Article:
In what will likely be the first of a global transition to digital radio, Norway has announced it will switch off its FM band, becoming the first country to do so. Norway will start turning off FM radio on January 11, 2017, and plans to stop transmission of the last FM signal to the country’s northernmost regions by Dec. 13 of that year. The move is intended to save money and allow a full transition to digital radio, which Norway argues will give listeners “access to more diverse and pluralistic radio content and enjoy better sound quality and new functionality.”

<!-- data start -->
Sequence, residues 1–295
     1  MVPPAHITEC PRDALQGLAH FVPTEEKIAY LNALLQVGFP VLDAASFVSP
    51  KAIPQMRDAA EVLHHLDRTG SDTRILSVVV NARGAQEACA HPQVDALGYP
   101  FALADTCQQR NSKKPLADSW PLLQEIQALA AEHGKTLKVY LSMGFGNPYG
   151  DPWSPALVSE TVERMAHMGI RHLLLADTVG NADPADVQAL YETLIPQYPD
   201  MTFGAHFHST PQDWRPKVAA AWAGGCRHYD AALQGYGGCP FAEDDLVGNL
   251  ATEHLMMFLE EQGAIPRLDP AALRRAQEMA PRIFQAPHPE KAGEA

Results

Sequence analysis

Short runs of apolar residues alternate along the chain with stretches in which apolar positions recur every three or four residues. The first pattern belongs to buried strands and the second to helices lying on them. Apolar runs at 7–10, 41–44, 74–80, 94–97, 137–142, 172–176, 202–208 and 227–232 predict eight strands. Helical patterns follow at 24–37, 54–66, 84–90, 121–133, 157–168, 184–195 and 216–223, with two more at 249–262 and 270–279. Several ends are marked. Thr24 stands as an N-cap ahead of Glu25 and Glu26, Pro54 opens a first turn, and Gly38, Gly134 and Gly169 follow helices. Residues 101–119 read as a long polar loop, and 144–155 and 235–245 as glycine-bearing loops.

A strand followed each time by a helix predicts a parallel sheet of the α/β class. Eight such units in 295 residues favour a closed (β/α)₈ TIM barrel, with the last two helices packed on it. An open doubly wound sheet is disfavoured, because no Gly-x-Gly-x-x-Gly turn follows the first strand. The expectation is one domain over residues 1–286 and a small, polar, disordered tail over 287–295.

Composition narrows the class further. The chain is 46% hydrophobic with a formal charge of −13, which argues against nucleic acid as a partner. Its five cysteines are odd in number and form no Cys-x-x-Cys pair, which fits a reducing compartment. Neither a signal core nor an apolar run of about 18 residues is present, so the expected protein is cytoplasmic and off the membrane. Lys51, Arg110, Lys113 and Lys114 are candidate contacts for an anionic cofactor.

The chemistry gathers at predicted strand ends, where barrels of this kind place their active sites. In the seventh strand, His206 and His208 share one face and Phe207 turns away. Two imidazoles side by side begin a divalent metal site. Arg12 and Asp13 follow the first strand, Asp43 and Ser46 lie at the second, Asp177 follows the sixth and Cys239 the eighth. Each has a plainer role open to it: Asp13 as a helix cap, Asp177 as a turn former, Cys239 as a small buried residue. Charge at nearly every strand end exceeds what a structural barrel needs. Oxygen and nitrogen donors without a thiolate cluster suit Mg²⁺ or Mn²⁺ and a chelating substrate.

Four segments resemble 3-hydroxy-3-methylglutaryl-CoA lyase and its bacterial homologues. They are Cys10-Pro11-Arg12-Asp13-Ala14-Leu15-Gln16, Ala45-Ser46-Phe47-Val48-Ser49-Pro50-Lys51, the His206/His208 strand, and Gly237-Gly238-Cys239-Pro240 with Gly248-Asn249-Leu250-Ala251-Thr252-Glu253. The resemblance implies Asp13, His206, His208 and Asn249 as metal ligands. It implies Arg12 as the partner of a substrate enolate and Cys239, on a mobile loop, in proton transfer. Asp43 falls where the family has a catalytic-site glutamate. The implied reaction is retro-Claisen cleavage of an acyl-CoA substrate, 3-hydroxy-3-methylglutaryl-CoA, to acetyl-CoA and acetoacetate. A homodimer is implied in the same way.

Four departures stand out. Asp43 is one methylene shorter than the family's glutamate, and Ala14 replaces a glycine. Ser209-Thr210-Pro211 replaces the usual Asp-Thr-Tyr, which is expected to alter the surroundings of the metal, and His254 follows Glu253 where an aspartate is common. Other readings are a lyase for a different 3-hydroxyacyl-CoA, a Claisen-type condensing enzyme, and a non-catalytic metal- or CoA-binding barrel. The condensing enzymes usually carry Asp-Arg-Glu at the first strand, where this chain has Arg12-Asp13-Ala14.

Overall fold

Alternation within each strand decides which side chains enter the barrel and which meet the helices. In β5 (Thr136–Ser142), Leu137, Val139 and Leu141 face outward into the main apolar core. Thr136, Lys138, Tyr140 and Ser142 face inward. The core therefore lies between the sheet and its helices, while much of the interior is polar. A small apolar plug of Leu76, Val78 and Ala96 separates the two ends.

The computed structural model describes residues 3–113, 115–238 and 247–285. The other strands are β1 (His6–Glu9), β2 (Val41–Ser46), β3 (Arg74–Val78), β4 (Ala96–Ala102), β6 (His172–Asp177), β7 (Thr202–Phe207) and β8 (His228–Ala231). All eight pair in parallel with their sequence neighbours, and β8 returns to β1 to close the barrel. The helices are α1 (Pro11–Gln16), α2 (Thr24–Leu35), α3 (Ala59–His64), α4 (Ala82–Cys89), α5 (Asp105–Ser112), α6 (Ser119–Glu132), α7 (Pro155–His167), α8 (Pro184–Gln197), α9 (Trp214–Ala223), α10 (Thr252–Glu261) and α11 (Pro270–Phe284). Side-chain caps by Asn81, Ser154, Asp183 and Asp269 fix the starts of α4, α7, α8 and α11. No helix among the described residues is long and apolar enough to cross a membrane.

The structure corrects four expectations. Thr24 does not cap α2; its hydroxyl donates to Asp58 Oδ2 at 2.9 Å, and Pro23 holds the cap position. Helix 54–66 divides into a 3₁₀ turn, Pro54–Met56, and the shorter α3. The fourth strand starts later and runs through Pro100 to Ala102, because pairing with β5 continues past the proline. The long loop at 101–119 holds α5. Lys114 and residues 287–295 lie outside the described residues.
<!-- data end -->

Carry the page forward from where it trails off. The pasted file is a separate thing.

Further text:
Ultimately the goal would be to move to digital since other technologies are moving to digital and you don’t want to, long term, be the only analog player on the digital block.
Dennis Wharton, executive vice president of communications for the National Association of Broadcasters in Washington D.C.
Norway has long been a digital radio pioneer. NRK launched the world’s first DAB channel on June 1, 1995. Other Scandinavian countries as well as the U.K. are thought to be considering an FM switch-off by 2022. The digital rollout in other European countries has been slower, with old FM radio still proving more popular in several territories.